2.2.2 Other Shipments of Propagative and Non-propagative Material

Pursuant to the work plan, CFIA inspectors will inspect shipments and ensure that:

2.3 Non-Compliance

Any regulated material certified free from oak wilt disease and found to be in non-compliance with the import requirements will be ordered removed from Canada, disposed of or treated in a manner approved by a CFIA inspector. Any costs incurred are the responsibility of the importer.

For facilities that import regulated materials for processing under special Permit to Import conditions, any non-compliance with the permit conditions will result in suspension of the Permit to Import.

3.0 Appendices

Appendix 1: Conditions of Entry For a Permit to Import Logs with Bark For Processing From Areas Infested With Oak Wilt

A Permit to Import issued pursuant to Section 43 of the Plant Protection Regulations authorizes the importation of logs with bark from areas of the U.S. infested with oak wilt with phytosanitary certification at origin waived. The issuance of a Permit to Import will be based on the capacity of the importer, named below in section 1, to comply with the conditions stipulated in section 2 below.

1. Applicant/Permit Holder Information:

A) Name of Importer: space

Address: space

Tel.: space Fax.: space

B) Location of plant (Receiving mill): space

Tel.: space Fax.: space

C) Type of mill: veneerspace, sawn millspace, or otherspace

D) Anticipated sources (States where logs were harvested): space

Estimated quantity of logs: space

Species: space

Period of importation: space

2. Specific Conditions of Entry to be Followed:

A) All logs must be processed and/or debarked within 30 days after importation.

B) Logs must be held in a secure area isolated from host tree stands.

Description of log yard and security measures in place: space

C) Bark and/or timber waste must be disposed of or treated in a manner approved by CFIA.

All bark wasteFootnote 1 must be chipped and either burned on site or held in isolation (at the chipper site) for transportation to the following sites only for burning as hog fuel.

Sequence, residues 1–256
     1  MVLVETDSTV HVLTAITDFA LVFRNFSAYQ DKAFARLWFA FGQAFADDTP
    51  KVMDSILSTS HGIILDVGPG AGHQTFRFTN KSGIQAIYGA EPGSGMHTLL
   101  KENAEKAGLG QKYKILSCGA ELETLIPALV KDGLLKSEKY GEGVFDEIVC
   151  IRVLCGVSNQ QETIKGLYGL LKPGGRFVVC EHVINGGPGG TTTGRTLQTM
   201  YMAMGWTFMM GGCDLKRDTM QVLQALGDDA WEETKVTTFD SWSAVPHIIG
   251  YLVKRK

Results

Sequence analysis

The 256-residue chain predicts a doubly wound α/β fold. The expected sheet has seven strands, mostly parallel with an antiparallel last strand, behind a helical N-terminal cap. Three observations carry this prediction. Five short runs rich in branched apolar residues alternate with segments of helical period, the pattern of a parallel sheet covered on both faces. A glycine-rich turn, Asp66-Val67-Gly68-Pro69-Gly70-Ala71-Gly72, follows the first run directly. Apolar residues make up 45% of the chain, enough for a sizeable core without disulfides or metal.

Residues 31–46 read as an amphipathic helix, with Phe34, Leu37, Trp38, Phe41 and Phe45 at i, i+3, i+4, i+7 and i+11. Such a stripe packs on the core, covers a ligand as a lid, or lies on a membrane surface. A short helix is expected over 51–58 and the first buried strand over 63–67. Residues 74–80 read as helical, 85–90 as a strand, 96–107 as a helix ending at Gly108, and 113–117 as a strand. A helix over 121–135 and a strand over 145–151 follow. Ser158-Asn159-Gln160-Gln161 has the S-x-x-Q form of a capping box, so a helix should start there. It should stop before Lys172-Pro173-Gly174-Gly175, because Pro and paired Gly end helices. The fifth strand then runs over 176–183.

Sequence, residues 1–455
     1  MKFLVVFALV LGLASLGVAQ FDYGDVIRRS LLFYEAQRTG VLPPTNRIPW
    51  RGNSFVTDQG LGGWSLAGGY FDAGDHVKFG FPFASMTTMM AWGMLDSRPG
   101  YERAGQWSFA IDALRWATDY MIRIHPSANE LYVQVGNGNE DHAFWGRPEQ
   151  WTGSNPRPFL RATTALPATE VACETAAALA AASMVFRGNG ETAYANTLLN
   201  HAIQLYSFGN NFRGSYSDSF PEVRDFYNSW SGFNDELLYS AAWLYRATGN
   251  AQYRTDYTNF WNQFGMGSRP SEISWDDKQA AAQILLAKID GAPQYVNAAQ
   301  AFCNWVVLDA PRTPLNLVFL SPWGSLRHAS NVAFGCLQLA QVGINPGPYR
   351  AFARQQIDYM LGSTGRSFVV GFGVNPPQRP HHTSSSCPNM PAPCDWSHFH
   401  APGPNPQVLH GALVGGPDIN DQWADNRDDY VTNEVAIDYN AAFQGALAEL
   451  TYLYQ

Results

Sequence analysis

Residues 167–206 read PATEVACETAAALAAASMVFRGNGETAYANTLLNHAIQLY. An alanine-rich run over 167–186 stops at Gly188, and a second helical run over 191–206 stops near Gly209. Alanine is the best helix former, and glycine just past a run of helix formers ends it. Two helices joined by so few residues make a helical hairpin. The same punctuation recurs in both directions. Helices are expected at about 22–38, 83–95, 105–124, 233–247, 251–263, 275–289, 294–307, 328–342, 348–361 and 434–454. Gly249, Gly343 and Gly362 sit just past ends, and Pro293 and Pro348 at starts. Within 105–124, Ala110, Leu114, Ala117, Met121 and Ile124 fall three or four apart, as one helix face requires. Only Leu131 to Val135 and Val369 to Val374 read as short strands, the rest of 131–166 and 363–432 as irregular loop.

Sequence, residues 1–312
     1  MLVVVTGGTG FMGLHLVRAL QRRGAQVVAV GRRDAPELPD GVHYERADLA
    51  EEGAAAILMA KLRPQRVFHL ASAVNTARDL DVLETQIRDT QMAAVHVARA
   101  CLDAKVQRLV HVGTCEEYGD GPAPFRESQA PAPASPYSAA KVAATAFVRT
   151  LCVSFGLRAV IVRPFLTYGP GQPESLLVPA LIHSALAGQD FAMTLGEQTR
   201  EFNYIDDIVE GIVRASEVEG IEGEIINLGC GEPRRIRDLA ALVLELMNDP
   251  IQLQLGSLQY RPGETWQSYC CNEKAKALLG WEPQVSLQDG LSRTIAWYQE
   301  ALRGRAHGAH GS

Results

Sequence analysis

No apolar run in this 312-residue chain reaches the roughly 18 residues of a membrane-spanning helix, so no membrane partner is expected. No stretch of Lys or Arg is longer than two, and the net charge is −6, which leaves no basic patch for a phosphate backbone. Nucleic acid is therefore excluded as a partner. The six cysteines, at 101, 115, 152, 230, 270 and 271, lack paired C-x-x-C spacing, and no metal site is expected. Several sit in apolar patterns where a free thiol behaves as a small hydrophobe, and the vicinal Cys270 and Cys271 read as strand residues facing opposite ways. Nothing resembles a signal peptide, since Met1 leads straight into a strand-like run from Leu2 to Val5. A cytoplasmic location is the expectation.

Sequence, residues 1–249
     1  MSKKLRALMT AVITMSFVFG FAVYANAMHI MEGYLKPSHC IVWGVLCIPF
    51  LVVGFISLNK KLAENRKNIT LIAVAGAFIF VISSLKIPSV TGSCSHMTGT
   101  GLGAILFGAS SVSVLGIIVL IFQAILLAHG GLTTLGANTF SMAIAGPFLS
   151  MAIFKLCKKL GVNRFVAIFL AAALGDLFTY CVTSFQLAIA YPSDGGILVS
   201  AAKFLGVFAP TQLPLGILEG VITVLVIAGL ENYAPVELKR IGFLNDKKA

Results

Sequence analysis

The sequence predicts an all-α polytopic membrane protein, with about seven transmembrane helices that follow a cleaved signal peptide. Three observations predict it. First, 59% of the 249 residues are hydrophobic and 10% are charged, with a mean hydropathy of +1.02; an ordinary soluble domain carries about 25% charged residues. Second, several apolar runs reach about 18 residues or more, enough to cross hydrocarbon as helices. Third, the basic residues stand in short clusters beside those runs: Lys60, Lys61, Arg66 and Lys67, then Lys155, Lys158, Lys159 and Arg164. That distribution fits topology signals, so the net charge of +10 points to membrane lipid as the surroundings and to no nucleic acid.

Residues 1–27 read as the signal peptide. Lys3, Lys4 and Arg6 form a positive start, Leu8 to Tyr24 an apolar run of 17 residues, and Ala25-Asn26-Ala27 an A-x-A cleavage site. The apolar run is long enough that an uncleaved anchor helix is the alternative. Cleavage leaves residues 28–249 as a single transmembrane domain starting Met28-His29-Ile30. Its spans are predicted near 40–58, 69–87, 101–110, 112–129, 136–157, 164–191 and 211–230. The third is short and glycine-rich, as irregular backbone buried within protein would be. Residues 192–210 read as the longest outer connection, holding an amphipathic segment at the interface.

All waste timberFootnote 1 from oak logs including reject logs or end pieces must be burned on site or transported to the following sites for burning as hog fuel.

Burning Site's Name & Address: space

Burning Site's Name & Address: space

Burning Site's Name & Address: space

D) The storage yard and chipper site must be annually cleaned in an approved manner as directed by the CFIA inspector.

Name of person responsible for clean-up & procedure: space

E) The importer must maintain accurate records of logs imported, treatments used, and methods of disposal conducted for a period of one year. No diversion of logs or bark to any other site is permitted without the prior approval of an inspector of the Canadian Food Inspection Agency.

Name of contact person for record management: space


Importer or Designate's Name
Importer's signature of acceptance
CFIA Inspector/Officer signature of approval

Appendix 2: Sampling Table For Inspection of Logs

Lot SizeSample Size
500 or less 10% Table Note 2
501 - 800 75
801 - 1,300 110
1,301 - 3,200 150
3,201 - 8,000 225
8,001 - 22,000 300
22,001 - 110,000 450
110,001 - 555,000 750
555,001 and over 1500

Table Notes

Table Note 2

For lot sizes of 500 or less, the sample size is determined by taking a 10% sample of the total lot.

Return to table note 2  referrer

Appendix 3: States in the Continental U.S. that are Regulated

List of States in The Continental U.S. That Are Regulated For Oak Wilt Disease